James Earl Jones forgot he recorded ‘This is CNN’ for CNN

URBAN LEGEND TV: CNN didn’t tell James Earl Jones they were going to use him saying “It’s CNN” for commercials.

Recently, the iconic James Earl Jones retired from his voice acting role as Darth Vader and officially signed over his voice rights to Lucasfilm, so he could use AI to continue recreating the classic voice of Darth Vader using Jones’ legendary baritone voice for many years. come. Jones’ success as Darth Vader opened up a whole new world for the actor. He recalls in his autobiography (written with Penelope Niven), Voices and silencesabout the impact that Darth Vader had on his career, “The role started a chain reaction of voices in my career. With Darth Vader, this mythical character, my voice became more and more frequently used as a voice authority. He brought me a lot of commercial and voice-over work. Voice-over work led to more and more opportunities for on-camera narrations and commercials, with their own medium and craft so different from movies and theater.

One of those roles was doing promos for CNN. Jones’ booming vocal “This is…CNN” became an iconic promotion for the network.

Now generally speaking when it comes to trying to confirm or debunk a legend, if you’ve seen past legends you’ll notice that very often I look at the primary sources of the legends to see them address the stories . This often works, but sometimes the main sources WERE inadvertently the ones that STARTED the legend! Such is the case, then, with James Earl Jones and a weird story involving CNN possibly trying to get a Jones promo out without paying him.

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CNN began using Jones’ voice in 1990, to celebrate the cable news channel’s 10th anniversary. Rick Salcedo was CNN’s senior vice president for marketing and creative services at CNN, who also headed the network’s on-air promotions and marketing from 1990 until he left the network in 2001. He was the one who had the idea of ​​having Jones do the promos. So when the promos started, they were specifically tied to the network’s 10th anniversary…

For a while people weren’t sure if it was Jones or not, but eventually it became clear that Jones was behind the promos. This, of course, was just when the Gulf War began and CNN became a bigger news source than ever, with its 24-news coverage being a key way for Americans to follow events in Iraq and the United States. Kuwait during Operation Desert Storm. So in 1991, those Jones promos were really a big deal.

However, Jones then proceeded to tell people that he never agreed to do them. He appeared in the television interview series, personalities, in 1991, where he claimed, “I think maybe it was a gift. I might have done an interview like this, and (the CNN interviewer) said, ‘Oh, Mr. Jones, would you like to read this?’ is CNN.’ And that’s (how) it (happened).” Very quickly, the story became that CNN essentially stole Jones’ voice without paying him. CNN insisted she hired Jones and paid him off, and it was all complete.

Jones admitted a few years later to being mistaken in an article from Toledo Blade in 2001, at a point in the interview where he debunked some false stories. Regarding the CNN story, he noted, “It’s more silly. They reminded me that I had a recording session and they paid me well for it. One day my son said, ‘Dad, is that you?? And I said, ‘I don’t remember.’ It was such a simple thing, it wasn’t a hard thing to forget.” So yeah, CNN reminded him that they paid for it, and he stopped saying it was a gift.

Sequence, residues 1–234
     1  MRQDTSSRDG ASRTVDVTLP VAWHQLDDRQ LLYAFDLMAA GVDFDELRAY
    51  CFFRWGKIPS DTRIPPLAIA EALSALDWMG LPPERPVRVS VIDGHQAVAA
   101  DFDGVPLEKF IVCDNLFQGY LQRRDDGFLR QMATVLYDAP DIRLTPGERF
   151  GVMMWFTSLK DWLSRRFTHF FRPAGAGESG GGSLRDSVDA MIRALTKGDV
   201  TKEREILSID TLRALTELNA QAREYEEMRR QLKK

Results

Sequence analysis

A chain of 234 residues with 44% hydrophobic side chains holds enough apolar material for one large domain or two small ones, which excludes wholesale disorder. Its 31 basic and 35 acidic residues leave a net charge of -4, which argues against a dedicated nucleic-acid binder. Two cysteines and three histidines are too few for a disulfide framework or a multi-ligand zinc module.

Years later he even called back how he prepared for the promos, “I just cleared my mind, then filled it with the thought of all the hundreds of stories – tragic, violent, funny, touching – that could follow my introduction. And then I said, ‘It’s CNN.'” He even pointed out how CNN promos led to one of his favorite moments of his career, explaining, “You know the proudest moment of my life. career? Two air force pilots told me that when they landed after fighting in the Gulf War, the first thing they heard was my voice on CNN and they knew they were I was happy to be identified with the idea that the soldiers were at home.


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Jones’ story about CNN trying to get “free” might seem hard to believe, but it actually happened in the past when Jones’ voice was used in the credits for years. end of Rush Limbaugh’s radio show. Limbaugh revealed in 2016 why Jones’s voice has ceased to be used:

I’ll tell you how it happened. Johnny Donovan, who is the director of compression here, director of compression and production, ran into James Earl Jones, who at the time was doing these identifications for CNN. It was about 25 years ago. I forget where Johnny met him, but it was a social thing. No no no. James Earl Jones was somewhere in the studio. It’s true. OK. James Earl Jones was a guest on WABC, who was behind the program at the time, and he was a guest on another show and Johnny Donovan came in and asked him to say, “You’re listening to the EIB network.”

And he wouldn’t. He wouldn’t for a while. Eventually Johnny Donovan, as compression manager, convinced him to do it. He didn’t know what it was so he finally did it and then a few years later or I forget what a big moment it was after that Justin he found out and made us stop using it. He revoked the authorization.

So, as you can see, Jones’ concern didn’t come out of nowhere, because people really tried to do things like that during his career.

Anyway, the legend is…


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